A note from Nick Sturge, Engine Shed Director: Local Industrial Strategy
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As my internship draws to a close, I’m writing this blog as a recollection of the experiences and insights I’ve had over the past four weeks. I’m a recent graduate from the University of Bristol, having studied a Master’s of Engineering with a year abroad spent in Australia and reached out to Briony to gain further work experience. Based at Engine Shed, my time spent in the scale-up sector has provided invaluable networking opportunities and a greater understanding of post-university career options. Under the direction of Briony, I have been able to work closely with some of the scale-ups at Engine Shed and the wider community.
One of the first tasks I was given at Engine Shed was to resolve issues that had arisen from using the software ‘Youcanbookme’, an online booking system used to create events for the ‘in Residence’ system. This service is open to members of the public who wish to find out more information about property or investment into scale-ups. Some of the concerns that staff were having involved ease-of-use, unexpected missing appointments, an aesthetically displeasing website and a time consuming process to create. Eventbrite offered a more flexible and attractive platform to build events for the ‘in Residence’ services. The creation of a handover document made the process more streamlined for explaining to colleagues and was received with flying colours (pending Faye’s attempt).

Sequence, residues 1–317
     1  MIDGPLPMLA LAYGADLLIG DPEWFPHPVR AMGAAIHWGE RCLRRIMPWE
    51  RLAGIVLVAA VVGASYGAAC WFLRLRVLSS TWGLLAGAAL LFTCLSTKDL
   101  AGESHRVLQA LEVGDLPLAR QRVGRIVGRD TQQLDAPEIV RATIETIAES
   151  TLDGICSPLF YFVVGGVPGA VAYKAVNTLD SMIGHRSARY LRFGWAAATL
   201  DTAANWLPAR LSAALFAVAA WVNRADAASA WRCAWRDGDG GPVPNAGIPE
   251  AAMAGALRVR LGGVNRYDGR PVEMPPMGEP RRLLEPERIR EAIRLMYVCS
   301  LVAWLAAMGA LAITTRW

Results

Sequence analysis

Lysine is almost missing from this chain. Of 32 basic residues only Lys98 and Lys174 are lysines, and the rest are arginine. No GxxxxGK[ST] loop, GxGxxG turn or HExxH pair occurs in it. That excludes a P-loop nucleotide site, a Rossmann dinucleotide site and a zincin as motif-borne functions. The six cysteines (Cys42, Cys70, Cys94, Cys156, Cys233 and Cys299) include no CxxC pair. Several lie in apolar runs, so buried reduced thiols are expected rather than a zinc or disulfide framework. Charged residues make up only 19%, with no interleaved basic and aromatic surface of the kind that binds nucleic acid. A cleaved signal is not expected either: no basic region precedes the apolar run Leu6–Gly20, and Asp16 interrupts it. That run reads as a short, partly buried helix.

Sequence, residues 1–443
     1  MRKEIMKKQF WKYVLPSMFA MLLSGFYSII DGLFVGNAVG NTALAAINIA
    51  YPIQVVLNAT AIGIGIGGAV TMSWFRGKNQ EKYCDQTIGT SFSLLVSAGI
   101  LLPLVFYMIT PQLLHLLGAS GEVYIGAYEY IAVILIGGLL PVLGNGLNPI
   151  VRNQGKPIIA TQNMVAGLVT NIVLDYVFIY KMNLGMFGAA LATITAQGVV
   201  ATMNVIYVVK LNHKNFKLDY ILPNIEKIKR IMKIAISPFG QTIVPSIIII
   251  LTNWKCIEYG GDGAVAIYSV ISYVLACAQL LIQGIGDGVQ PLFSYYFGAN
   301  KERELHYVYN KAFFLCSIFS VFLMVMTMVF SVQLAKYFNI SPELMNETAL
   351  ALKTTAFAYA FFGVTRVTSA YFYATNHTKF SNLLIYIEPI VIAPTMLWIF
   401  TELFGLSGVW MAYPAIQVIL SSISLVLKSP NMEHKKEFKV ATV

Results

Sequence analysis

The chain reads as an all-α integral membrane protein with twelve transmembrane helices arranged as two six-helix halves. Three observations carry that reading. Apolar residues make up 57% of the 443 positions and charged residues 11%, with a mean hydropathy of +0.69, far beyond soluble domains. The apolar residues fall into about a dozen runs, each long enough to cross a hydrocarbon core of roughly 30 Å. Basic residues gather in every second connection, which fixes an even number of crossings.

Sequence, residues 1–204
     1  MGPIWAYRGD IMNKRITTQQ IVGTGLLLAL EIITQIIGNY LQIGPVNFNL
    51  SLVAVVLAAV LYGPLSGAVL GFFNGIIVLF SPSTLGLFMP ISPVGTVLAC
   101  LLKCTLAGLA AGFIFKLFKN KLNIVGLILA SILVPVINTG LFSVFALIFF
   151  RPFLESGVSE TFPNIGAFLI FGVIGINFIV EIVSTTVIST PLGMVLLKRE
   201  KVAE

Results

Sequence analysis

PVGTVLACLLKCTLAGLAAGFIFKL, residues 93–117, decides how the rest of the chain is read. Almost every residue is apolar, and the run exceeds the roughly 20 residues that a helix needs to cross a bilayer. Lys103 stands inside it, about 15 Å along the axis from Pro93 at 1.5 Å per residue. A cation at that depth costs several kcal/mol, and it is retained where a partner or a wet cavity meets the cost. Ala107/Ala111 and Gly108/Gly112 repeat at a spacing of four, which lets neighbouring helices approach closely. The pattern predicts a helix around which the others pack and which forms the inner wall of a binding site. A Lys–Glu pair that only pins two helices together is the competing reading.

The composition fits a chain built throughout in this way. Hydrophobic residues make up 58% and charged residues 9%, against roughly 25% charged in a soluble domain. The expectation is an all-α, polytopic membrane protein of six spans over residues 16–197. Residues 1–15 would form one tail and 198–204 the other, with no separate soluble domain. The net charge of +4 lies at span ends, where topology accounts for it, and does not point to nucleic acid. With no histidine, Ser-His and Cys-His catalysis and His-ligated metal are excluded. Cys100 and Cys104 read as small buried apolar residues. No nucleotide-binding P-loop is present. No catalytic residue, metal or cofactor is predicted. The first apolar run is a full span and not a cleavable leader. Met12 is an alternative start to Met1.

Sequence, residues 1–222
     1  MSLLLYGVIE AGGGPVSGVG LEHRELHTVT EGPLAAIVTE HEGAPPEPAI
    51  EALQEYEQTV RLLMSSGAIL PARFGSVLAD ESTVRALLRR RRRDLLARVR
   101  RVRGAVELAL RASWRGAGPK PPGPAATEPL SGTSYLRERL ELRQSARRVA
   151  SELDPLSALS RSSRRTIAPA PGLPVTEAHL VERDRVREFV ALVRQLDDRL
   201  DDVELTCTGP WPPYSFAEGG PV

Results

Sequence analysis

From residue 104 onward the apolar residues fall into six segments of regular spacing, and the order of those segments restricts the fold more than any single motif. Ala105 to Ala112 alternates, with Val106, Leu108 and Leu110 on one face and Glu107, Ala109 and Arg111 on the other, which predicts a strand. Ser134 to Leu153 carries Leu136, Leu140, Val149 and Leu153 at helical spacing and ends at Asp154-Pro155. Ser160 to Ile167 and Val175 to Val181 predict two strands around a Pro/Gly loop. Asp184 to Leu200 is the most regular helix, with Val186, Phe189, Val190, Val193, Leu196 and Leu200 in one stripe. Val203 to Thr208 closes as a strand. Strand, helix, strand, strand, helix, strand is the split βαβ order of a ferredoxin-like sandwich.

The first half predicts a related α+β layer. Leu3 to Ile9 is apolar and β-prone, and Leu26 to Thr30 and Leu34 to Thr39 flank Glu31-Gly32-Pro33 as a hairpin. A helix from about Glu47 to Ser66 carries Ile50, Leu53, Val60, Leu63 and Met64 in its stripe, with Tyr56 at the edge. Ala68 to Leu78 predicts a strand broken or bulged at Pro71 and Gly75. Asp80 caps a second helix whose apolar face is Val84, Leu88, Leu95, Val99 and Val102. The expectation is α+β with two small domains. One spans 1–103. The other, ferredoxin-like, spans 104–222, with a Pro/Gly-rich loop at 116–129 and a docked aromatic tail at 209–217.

Leading on from my predecessor, Will Dunlop and his work on both visible and invisible scale-ups, my task was to further refine the industry sectors for over 700 scale-ups in the West of England area. Whilst faced with an ominous assignment, the extensive list showed me the number of opportunities and businesses in the area that make Bristol such a rich region for the tech industry. Combined with the work for Tech Nation on the ‘AR West of England Growth Map‘ (an interactive 3-D view of businesses in the local community), technology has had and will continue to have a big role in the way businesses operate in years to come.
Another improvement to my skill set in terms of business acumen has come from the Quarterly Investment Briefing, an event which is designed to bring together investors from the community to learn, share and network. This brings to light the number of funders in the area and vast ecosystem surrounding it.
One of the primary reasons that attracted me to the internship was the scope for networking to make new contacts and pursue exciting opportunities from them. Having attended the Silicon Valley Bank event at the Lido, I was overwhelmed by the size and reputation of the tech scene in Bristol.
My final project for the internship brought together a snapshot of the interaction between universities in the West of England and scale-ups in the area. Further work must be completed in order to gauge the level of existing communication and interaction for activities such as academic consultancy, research collaboration and student engagement. I will leave it to my successor to devise new solutions to help increase interaction.
In the four weeks spent at Engine Shed, I’ve learned a lot about the work and drive that goes on behind the scenes with a view to make day-to-day operations smoother. The management team have a passion and enthusiasm like no other company I’ve experienced, whilst maintaining a high standard of professionalism in their work. I’ve been lucky enough to gain contacts within the industry to further advance my choice of career and hope to stay in contact for future years to come.
Joseph Walder, Engine Shed Intern, University of Bristol Graduate (2018)